TNS determined that the under 25 age group in the US (45%), Western Europe (37%) and Eastern Europe (30%) displayed the highest level of interest in 3G applications, but what will these findings mean for actual 3G units shipped in 2002 and years to come?

Ultra Wideband Multimedia is in the House! (allNetDevices, May 24th)
Wireless multimedia system prototype based on UWB screams its way through concrete and steel to deliver DVD-quality video.

FCC Mulls More License-Free Spectrum (internet.com, May 24th)
To license or not to license, that is the question. Freeing up spectrum in the upper millimeter-wave spectrum for commercial use would open the door to multi-gigabit-per-second wireless broadband Internet speeds.

Digital Copyright Bill May Dumb Down the PC (EE Times, May 24th)
Intel Corp. says PCs could be turned into "dumb terminals" if a bill on digital copyright now before the U.S. Congress is passed.

Microsoft Releases 'Friendly' XP Patch (internet.com, May 24th)
In the first changes called for under its proposed anti-trust settlement, the new service pack will give users and computer manufacturers choice beyond what Redmond provides. To see just what this update has in store for XP users, check out this CNET review.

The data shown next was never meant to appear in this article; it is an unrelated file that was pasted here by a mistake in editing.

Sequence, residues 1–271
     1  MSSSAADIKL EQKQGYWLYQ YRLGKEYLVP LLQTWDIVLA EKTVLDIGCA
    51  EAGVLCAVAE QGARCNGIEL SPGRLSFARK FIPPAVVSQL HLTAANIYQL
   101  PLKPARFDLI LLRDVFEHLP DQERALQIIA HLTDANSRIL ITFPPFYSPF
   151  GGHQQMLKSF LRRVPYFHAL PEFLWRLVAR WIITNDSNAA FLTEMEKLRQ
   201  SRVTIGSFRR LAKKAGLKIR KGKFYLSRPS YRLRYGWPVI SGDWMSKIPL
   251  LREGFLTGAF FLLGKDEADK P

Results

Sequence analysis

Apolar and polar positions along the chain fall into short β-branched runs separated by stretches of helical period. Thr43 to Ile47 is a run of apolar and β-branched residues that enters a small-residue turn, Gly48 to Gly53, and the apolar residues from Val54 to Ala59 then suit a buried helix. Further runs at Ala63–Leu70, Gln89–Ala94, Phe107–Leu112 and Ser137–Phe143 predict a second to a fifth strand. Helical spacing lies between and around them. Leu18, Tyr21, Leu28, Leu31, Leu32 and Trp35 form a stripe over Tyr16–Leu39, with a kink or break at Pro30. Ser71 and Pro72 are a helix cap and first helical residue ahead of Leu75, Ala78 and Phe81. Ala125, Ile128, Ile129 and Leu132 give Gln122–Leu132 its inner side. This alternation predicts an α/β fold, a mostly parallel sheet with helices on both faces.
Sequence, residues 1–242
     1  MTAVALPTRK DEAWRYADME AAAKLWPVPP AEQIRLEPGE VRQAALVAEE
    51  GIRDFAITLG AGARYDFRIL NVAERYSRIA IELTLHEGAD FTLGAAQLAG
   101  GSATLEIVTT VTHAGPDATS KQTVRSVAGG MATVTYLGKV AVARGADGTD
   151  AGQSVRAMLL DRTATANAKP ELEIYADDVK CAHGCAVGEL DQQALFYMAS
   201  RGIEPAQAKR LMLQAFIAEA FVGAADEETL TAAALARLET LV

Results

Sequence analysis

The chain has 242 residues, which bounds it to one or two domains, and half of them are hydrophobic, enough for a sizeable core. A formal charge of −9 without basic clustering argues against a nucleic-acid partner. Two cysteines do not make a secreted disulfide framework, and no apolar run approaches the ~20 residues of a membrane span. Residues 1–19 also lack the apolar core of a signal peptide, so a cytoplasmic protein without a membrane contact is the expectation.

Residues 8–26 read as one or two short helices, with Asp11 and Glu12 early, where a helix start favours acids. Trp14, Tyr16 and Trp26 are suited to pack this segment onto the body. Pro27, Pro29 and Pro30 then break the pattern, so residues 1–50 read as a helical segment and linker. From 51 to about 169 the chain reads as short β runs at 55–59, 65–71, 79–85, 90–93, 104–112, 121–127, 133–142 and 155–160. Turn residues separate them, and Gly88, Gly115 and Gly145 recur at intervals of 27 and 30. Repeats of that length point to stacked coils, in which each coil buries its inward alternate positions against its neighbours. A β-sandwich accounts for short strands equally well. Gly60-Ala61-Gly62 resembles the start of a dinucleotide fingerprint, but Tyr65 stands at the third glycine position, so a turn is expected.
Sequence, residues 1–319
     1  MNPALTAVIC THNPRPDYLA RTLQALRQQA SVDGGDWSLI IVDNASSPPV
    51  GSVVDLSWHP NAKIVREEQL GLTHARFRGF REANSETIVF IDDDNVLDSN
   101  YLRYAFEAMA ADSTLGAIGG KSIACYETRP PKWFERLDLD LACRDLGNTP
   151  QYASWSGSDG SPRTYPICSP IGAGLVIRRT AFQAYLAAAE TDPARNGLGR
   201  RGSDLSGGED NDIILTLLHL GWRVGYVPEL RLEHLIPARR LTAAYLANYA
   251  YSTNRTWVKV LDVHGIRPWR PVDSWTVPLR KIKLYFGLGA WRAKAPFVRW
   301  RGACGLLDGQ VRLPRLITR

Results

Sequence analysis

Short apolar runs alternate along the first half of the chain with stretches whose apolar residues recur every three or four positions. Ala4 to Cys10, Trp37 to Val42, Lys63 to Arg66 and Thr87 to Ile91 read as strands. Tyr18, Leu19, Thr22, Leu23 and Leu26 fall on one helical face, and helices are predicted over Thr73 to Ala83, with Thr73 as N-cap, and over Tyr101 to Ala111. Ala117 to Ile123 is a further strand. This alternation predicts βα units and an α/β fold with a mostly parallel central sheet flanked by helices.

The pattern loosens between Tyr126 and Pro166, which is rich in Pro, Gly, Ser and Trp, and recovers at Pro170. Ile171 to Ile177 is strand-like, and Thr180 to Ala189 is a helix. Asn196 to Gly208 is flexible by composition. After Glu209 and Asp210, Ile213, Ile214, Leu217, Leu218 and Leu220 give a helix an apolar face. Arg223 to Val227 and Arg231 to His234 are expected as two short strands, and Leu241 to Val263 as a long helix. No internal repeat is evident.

Demystifying 10 Common Misconceptions About VoiceXML (VoiceXMLPlanet, May 24th)
Before you take the plunge into VoiceXML, or even if you have already done so, read on to learn how you can avoid the 10 most common pitfalls of VoiceXML implementations.

HP, MIT Tackle Wireless Woes (internet.com, May 23rd)
Under a new research pact, the Palo Alto computing giant and Cambridge, Mass. school seek new solutions to performance and reliability problems plaguing networks and devices.

Graduation Day for Linux (LinuxPlanet, May 23rd)
As attention has become more and more focused on finding alternatives to Microsoft in business, government, and education venues all over the world, Linux and its rapidly improving desktop applications are being eyed as top candidates to replace Windows.

Will Americans Go for mLife? (Salon.com, May 22nd)